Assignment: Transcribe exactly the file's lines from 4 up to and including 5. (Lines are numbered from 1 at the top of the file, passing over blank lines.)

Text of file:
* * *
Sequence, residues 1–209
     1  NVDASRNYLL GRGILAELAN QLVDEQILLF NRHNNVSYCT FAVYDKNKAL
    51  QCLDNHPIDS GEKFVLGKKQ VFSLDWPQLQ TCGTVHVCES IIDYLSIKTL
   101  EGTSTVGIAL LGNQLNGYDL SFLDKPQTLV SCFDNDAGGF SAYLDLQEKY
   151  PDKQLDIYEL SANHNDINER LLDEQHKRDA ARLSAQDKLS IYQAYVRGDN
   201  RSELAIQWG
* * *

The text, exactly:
   101  EGTSTVGIAL LGNQLNGYDL SFLDKPQTLV SCFDNDAGGF SAYLDLQEKY
   151  PDKQLDIYEL SANHNDINER LLDEQHKRDA ARLSAQDKLS IYQAYVRGDN